Wednesday, June 8, 2011

Tongariro Northern Circuit

The two fat blokes and their entourage (minus a couple from GBI plus an extra picked up along the way) departed at 7:15am on a misty moisty morning from the hostel at National Park along with about 20 others who had all stayed at the Hostel the previous night. After a short drive we were deposited at the trail head at Mangatepopo. There was already a steady steam of walkers that had been deposited by other buses heading off. There was only our group and one or two others with large packs doing the 3 or 4 day circuit, all the others were doing the Tongariro Crossing regarded as the best day walk in New Zealand.

Most of our group have walked in a wide range of weather conditions over many years and we were more than a little surprised by the lack of equipment and water that most of the day walkers were carrying or not carrying. The weather for the day itself did not look all that fine but still there was an apparent lack of gear.

The landscape reminded me of Scotland (not that I, as the poor member of the two fat blokes team, have ever visited that exotic land) and, as it turned out later, the purple flowers scattered amongst the rocks and coming and going from view with the cloud whipping past was heather, Calluna vulgaris, imported to remind the poor British souls of their beautiful homes that they had left behind. It is now a rampant weed within the National Park

After a short walk we came to the turn off to Soda Springs which we all visited. It was then up and more up as the track climbs up the saddles where for those keen walkers you can detour to the summits of Tongariro and/or Ngauruhoe. Two of our group, with too much energy, decided to peak bag Tongariro. We more sensible people headed over the crest of the ridge, about 1860m, to get out of the cold wind and to the great views of the red crater and for a spot of lunch. To sit there for a 30-40 minutes and watch the changing views of red crater and Ngauruhoe with the wind whipping the clouds past was a wonderful thing for a person who has no active volcanoes, and their barren landscapes, anywhere close to their home.

The descent down the loose volcanic scree slope was quick and easy. A stop at the Emerald Lakes with the earth close by emitting a constant stream of sulphurous gases was interesting. The others headed along the track to Blue Lake while I cut across the valley floor to admire the parallel runs of solidified lava flows. Very interesting photography. After getting back on the track and meeting up with the others at a high point over looking Blue Lake we headed down the never ending ziz zag track to our accommodation for the night, Ketetahi Hut.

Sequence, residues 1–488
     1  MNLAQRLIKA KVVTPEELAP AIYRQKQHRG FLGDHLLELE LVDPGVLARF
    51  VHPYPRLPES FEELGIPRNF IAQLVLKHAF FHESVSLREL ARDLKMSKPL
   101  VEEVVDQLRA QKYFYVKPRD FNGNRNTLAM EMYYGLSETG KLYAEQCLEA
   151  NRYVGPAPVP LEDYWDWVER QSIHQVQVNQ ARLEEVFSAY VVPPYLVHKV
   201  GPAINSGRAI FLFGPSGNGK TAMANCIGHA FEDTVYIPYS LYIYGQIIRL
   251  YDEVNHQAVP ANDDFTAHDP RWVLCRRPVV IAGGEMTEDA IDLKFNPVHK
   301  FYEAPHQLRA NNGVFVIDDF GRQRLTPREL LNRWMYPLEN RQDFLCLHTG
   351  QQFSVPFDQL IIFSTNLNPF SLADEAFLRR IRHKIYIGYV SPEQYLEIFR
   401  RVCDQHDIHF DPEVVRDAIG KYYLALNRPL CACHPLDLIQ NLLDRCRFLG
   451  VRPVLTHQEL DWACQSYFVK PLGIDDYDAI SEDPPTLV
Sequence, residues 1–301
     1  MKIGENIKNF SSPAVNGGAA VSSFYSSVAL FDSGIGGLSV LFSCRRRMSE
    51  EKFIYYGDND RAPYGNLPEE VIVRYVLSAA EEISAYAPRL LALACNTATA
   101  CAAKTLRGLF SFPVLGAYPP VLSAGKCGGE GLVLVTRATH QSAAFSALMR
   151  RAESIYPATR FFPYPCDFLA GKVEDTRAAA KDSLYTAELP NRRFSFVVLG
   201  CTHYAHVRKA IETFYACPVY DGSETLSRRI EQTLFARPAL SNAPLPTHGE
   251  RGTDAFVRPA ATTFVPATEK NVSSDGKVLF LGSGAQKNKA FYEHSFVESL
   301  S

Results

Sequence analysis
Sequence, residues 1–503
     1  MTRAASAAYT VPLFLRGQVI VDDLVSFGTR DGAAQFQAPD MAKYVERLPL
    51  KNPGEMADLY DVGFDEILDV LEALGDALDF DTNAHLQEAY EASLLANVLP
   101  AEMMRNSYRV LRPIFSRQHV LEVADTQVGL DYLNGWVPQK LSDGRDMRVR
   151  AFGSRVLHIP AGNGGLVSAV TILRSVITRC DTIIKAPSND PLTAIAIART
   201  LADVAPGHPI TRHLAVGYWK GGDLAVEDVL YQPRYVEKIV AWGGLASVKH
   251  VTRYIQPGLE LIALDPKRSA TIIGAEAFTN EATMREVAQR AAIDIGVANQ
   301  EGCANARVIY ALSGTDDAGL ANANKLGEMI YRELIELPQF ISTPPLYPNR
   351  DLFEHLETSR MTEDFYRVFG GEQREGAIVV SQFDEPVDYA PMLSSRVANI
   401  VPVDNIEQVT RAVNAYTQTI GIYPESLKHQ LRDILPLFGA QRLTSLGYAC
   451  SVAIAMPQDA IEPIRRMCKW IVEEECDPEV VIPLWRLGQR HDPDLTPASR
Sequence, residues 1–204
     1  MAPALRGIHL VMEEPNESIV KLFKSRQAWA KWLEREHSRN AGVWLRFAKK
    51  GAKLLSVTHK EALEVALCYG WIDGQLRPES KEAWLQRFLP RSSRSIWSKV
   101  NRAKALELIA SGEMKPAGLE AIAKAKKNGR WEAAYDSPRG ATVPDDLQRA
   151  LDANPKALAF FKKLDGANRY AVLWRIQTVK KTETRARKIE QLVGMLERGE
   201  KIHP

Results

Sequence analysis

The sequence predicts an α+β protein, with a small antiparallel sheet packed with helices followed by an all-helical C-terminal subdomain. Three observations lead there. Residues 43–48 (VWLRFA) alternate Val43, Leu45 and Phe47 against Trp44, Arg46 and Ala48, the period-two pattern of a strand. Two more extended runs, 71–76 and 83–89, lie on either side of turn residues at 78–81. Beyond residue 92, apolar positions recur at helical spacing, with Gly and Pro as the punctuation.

A good night with an interesting mix of people from around the world and informative DOC Ranger/Hut Warden.

The next morning, we had to climb some 300ms meters back to Blue Lake which was a bit disappointing after losing that height the previous day the day. Lance, the other half of the two fat blokes’ famous team, had organised the itinerary and did a fantastic job. Due to the completely different weather conditions we had the opportunity to see the Red Crater with a backdrop of Ngauruhoe which we had only seen fleeting glimpses of the previous day. I headed back up the loose scree slope, the others thought that was pretty strange after already going up some 300m from the hut but it was a once a life time chance to see the different two faces in two days.

After sitting up there for half an hour or so I descended back to the track junction at Emerald Lakes to find the group had headed of to Oturere Hut for lunch. It is a very interesting walk though lava flows before descending a nose of one flow to a valley floor. You must stop regularly on your descent and take in the changing views of Red Crater and Ngauruhoe. Wonderful constantly changing vista.

I arrived at the hut at 13:00 for a welcome cup of tea and some rejuvenating food. We departed the hut at about 14:00 and headed for our night’s accommodation at Waihohonu Hut. We arrived at this very large and brand new hut after another varied and interesting walk at about 5:00 pm, enough time to set up our bunks, brew up a cup of tea and have a wander around outside to take in the new vistas of the mountains.

Waihohonu Hut reminded me a little of the new Windy ridge hut on Tasmania’s Overland track, large, modern well built with too much space. Both huts have very large kitchen dining areas that lack the crowded intimacy and group conversations that the older smaller and consequently crowded huts seem to generate.

Last day’s walk passed the original Waihohonu Hut which is a lovely historical hut. After that it really was a bit of a trudge all the way back to Whakapapa Village, particularly the last 2 hours along the newly “hardened” track from the turn off to Tama Lakes.

A quick bus ride back to the Hostel at National Park and then an easy 2 day drive back to Auckland completed another varied and interesting walking trip to New Zealand’s North Island.

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